The OWA web site will not use the wildcard certificate to identify itself to other computers. Instead, we will remove the wildcard certificate from the OWA Web site and install a new certificate on the OWA site.

Perform the following steps to remove the current certificate from the OWA Web site and assign a wildcard certificate to the site:

  1. On the first Web server (the OWA server in this example), click the Start and point to Administrative Tools. Click Internet Information Services (IIS) Manager.
  2. In the Internet Information Services (IIS) Manager console, expand the Web sites node and click on the Default Web Site. Right click the Default Web Site and click Properties.
  3. In the Default Web Site Properties dialog box, click the Directory Security tab. On the Directory Security tab, click the Server Certificate button.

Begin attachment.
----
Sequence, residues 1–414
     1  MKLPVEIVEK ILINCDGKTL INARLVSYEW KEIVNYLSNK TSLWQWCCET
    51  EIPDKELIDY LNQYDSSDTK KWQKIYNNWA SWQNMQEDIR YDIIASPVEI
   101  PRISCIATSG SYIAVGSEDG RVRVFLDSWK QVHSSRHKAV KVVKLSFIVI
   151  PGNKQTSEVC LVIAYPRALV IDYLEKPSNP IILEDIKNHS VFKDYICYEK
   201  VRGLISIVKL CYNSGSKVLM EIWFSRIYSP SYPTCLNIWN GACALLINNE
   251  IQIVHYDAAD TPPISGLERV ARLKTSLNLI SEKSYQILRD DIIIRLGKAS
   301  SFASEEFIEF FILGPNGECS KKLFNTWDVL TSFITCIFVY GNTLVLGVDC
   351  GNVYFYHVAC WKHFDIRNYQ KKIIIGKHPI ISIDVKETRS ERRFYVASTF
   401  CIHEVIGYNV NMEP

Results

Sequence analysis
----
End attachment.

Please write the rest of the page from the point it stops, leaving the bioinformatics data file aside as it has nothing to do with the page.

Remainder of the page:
4. Click Next on the Welcome to the Web Server Certificate Wizard page.
  5. On the Modify the Current Certificate Assignment page, select the Remove the current Certificate option and click Next.
    Cc302625.99e8e5f5-bcc7-4859-93c5-0494311b2d34(en-us,TechNet.10).gif
  6. Click Next on the Remove a Certificate page.
  7. Click Finish on the Completing the Web Certificate Wizard page.
  8. Leave the Default Web Site Properties dialog box open so that you can perform the next procedure.

Now we need to obtain a new certificate for this Web site. Perform the following steps to obtain a new Web site certificate for the first Web server’s (OWA server in this example) Web site:

  1. On the Default Web Site Properties dialog box, click the Directory Security tab.
  2. On the Directory Security tab, click the Server Certificate button.